A long time ago, in a galazy far, far away I graduated with a degree in English from Saint Louis University. My senior year I took a class on the history of the English language. This class still stands out in my mind, for two reasons. The first reason was my floppy disk crashed and I lost the electronic version of my thesis for the class. Thankfully, I printed an unedited version out prior to the disk going belly up. It was several versions older but it saved me loads of time and stress than recreating the entire thing. The second reason I remember the class so well was actual course content. I can remember being completely interested in the evolution of the English language from Old, Middle, Modern English and how exploration, immigration, and population shifts have created completely different English languages.
Yet just like the evolution of the English language, writing is evolving too. David Lee King writes in his post, “Librarians were trained to Write the Wrong Way,” that he learned to write academic papers and other “highly useful stuff…like how to graph out a sentence to discover proper sentence structure.” I learned the same things. When I am with my friends and family, my diction, accent, word choice, etc. is different than when I am at work or speaking professionally. Whether it is on paper as Scott describes, a computer, or a cell phone, the medium by which we communicate dictates our writing style.
We still must learn to write formal academic type of papers and articles with proper structure and citations. But we also must learn how to write for other areas, such as the online world. We used to call it writing for the web. But now days there are different styles of writing for the web that are considered the gold standard for that medium. What works on a web site, will not always work on a blog, Facebook, and Twitter.
David calls it writing like he speaks. He says conversational, social writing is the type of writing we want on the web, especially on blogs and social media spaces. Yet if you have been trained to write formally as David has, you may find it difficult to adjust your writing style based on the medium. Even he says, “I work hard at writing like I speak.”
I create websites (not as much as I used to) and writing for a regular website (not a blog or any socially type of site) has evolved with main pages having one or two word listings or clusters of words and pictures as the norm. On internal pages where more information is shared sentences are short and to the point within one or two equally short paragaphs. The wording, sentance structure, and lay out are different than what you would see in a blog.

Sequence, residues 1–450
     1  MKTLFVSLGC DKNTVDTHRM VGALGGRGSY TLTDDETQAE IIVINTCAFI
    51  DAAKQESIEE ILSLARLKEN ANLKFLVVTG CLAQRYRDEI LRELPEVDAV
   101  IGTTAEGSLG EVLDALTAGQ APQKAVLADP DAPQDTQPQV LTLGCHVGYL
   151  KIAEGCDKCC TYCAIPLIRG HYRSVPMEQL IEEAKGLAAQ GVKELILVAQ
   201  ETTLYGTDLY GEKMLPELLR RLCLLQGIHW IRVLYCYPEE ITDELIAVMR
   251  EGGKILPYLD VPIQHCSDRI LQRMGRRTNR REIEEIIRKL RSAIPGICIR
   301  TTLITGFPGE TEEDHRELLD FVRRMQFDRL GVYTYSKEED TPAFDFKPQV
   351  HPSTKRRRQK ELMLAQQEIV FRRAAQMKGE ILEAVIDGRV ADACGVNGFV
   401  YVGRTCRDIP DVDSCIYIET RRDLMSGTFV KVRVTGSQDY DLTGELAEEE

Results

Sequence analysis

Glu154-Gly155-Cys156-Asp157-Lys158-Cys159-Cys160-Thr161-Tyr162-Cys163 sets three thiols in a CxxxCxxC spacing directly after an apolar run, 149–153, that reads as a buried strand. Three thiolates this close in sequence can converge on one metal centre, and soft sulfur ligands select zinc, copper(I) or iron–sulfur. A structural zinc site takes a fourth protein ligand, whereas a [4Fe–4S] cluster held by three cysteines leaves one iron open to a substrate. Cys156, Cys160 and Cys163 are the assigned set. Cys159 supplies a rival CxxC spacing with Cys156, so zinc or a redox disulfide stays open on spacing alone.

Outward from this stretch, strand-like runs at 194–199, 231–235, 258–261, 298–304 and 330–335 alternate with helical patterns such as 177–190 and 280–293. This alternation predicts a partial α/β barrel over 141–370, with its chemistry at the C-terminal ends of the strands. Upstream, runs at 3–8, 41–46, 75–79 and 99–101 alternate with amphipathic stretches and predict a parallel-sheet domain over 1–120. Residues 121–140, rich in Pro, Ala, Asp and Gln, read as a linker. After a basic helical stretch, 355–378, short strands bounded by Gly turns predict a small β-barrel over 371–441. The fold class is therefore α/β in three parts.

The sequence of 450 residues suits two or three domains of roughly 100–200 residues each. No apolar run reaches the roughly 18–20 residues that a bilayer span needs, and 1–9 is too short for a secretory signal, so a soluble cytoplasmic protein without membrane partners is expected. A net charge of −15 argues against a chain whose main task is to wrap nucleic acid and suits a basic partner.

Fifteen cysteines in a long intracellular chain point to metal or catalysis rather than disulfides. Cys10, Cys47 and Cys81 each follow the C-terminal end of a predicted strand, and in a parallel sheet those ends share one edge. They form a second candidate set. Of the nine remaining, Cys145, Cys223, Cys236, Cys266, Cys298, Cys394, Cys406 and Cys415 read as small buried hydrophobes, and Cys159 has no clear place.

In a blog, most people are coming to read and possibly share or discuss your thoughts. Therefore the writing is longer than a traditional website and the style is almost as if you can hear the writer having a conversation with you. The style is different but it is still professional. The Unofficial Apple Weblog, is a professional site where writers converse (often passionately) with readers through the blog and comments. Some of the posts are more straight forward while others use the speaking style.
Facebook is the king of conversational writing. There is a word limit on posts. So conversational writing on Facebook is not as long as a blog post, but it well exceeds the 140 character limit of Twitter. Again even the most professional of sites adjust their writing styles for Facebook. The Cleveland Clinic’s Facebook posts are written in a far different style than the pages on their website, press releases, and certainly articles authored by their physicians. The Cleveland Clinic uses their Facebook page to reach out and engage the community in health and medicine and their Facebook writing style reflects that.
Where Facebook is the king of conversational writing, Twitter is the king of the one liners. Writing for Twitter is vastly different than anything else (with the possible exception of texting). Anybody who doesn’t think it is hard to squeeze interesting and valuable information into 140 characters or less, has not tweeted for long. It is hard and takes a lot of practice. Not only is the character limit a requirement, there are definite social norms by which you converse. Not adhering to these norms can cause your tweet to go on unnoticed (best case scenario) or get you in a whole lot of trouble.
Good writing, either formal papers or online posts, takes practice. Being observant, continually reading and writing, helps develop and sharpen your skills, especially in the online world. Writing is a living breathing communication method and it changes with time and technology. I am sure in 1440 people discussed quality and style as the printing press changed the way things were written.